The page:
Natacha Parmantier — Marketing Expert for Short Term Rental Industry at Natacha Parmantier Ltd
Natacha Parmantier— Marketing Expert for Short-Term Rental Industry at Natacha Parmantier Ltd

One of them is that they do not live close to the property, so it makes it difficult for them to take pictures of their rentals. Another challenge is that they are not sure which type of content to post to get engagement and bookings, so they have a lack of ideas on what to post. They know that consistency is key but most days they are wondering ‘what can I post today?’.

Another challenge is that they feel overwhelmed doing it themselves but at the same time, their properties are like their baby and they struggle outsourcing their content to someone else. 

Another big challenge for short-term rental owners is that they want to do it themselves but they struggle with consistency. They forget to do it on some days, they don’t know how to batch and schedule their content creation to be more efficient. 

My solution: Doing live training in my community weekly to help them with content creation and I created a Booking Accelerator Social Media Course to help them with their content creation.”

Creating hospitality content

Ready To Take Control Of Your Hospitality Content?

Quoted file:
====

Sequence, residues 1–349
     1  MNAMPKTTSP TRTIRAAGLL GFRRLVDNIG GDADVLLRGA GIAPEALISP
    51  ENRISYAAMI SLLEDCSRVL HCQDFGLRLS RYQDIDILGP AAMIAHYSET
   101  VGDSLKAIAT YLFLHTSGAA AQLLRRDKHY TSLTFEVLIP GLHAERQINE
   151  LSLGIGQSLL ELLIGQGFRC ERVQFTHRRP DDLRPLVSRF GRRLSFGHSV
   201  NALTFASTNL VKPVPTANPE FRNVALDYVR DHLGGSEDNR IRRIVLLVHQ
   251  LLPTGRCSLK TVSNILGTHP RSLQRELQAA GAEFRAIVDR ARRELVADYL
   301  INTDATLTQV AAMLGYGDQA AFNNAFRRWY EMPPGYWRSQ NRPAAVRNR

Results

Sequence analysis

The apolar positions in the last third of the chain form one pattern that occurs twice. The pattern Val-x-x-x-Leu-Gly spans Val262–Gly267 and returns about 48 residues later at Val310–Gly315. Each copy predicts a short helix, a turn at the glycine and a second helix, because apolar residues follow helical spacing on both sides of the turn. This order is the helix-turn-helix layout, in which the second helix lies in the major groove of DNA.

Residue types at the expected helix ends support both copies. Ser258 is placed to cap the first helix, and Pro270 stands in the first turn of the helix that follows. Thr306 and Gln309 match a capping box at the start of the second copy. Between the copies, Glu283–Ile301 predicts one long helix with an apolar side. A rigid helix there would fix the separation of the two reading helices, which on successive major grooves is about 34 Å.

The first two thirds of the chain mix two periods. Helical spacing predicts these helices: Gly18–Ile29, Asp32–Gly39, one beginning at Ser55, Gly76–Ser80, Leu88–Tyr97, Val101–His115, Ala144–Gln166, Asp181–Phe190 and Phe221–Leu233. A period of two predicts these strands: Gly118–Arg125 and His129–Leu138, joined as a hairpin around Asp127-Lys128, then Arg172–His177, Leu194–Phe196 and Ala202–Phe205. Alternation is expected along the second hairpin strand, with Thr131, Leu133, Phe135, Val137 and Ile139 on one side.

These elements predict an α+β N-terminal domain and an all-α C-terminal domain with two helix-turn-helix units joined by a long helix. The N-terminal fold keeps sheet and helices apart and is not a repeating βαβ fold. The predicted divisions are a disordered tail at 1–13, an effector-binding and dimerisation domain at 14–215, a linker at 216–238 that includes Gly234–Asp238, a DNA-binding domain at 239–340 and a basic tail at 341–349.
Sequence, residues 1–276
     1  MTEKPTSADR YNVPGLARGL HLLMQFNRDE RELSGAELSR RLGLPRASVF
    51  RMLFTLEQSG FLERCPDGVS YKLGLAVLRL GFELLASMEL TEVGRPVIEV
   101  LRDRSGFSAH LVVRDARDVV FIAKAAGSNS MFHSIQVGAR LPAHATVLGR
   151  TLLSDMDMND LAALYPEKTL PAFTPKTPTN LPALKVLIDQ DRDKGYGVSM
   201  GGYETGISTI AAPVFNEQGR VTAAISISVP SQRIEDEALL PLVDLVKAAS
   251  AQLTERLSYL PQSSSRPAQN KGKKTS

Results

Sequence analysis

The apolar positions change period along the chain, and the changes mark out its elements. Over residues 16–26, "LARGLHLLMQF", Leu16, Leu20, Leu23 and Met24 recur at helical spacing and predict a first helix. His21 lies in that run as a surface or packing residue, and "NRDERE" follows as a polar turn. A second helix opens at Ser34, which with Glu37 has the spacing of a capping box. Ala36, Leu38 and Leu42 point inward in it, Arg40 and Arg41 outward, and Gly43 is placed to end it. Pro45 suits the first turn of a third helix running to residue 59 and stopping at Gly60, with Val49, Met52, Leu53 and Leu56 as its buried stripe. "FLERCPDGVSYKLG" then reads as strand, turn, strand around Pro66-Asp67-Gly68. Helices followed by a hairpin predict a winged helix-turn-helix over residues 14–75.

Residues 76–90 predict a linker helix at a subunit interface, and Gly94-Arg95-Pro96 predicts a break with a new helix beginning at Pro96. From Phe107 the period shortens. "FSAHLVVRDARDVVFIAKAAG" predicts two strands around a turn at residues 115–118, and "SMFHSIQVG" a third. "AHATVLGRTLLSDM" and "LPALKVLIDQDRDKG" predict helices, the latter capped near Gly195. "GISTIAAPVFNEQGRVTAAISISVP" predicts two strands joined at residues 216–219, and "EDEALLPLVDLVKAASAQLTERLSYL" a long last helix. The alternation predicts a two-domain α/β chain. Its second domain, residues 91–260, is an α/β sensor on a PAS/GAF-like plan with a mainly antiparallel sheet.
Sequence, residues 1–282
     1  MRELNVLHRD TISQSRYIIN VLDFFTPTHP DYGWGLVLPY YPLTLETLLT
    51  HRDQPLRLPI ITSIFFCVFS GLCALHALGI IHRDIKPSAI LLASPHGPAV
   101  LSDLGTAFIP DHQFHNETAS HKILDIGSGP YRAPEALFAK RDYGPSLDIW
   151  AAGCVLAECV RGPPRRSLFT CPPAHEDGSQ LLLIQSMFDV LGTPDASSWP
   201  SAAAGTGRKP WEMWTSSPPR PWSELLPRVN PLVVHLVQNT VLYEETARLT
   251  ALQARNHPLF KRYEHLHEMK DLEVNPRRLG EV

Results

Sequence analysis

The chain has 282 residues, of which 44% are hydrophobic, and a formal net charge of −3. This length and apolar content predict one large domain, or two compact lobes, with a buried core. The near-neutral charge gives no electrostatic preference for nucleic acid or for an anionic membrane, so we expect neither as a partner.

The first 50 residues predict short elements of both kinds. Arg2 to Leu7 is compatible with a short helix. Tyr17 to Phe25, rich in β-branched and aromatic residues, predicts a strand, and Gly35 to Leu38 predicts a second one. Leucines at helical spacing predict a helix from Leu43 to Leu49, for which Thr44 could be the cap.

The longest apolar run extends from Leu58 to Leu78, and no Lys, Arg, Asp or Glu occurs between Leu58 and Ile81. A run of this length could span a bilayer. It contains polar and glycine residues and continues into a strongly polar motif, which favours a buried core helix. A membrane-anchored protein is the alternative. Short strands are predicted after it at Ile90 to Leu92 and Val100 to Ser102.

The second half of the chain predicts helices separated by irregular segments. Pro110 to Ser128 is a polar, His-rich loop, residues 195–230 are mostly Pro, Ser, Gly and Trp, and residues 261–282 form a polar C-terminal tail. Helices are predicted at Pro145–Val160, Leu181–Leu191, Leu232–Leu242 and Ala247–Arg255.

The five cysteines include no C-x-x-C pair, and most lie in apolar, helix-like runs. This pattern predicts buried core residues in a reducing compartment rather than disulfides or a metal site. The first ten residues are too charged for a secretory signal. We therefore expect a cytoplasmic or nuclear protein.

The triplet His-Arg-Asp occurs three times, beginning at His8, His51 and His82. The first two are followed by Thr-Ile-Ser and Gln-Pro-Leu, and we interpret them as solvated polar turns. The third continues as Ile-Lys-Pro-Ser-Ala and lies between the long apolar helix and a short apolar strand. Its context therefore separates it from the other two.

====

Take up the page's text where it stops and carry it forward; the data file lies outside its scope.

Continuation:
If we’ve learned anything here at Verblio, it’s how hard of a time professionals in the hospitality industry have generating the content they need to establish and grow their brands. It’s an epidemic!

But Verblio has a cure—us! Not to toot our own horn, but we have dedicated hospitality writers who have been around the industry and can generate some top-notch content. 

Check out these sample posts if you want to see first-hand how their expertise has helped some of our clients:

Or if you’re ready to get started with better content, just get started with Verblio! You’ll be glad you did. 

Posted in

Verblio

We eat our own dog food. It's true. We use Verblio's service for our own blog. The same writers that write for our clients write many of our blog posts—like this one. Any posts with an author named "Verblio" were written by a writer from our talent pool of 3,000+ U.S.-based writers. We sure couldn't do it without them.

Reader Interactions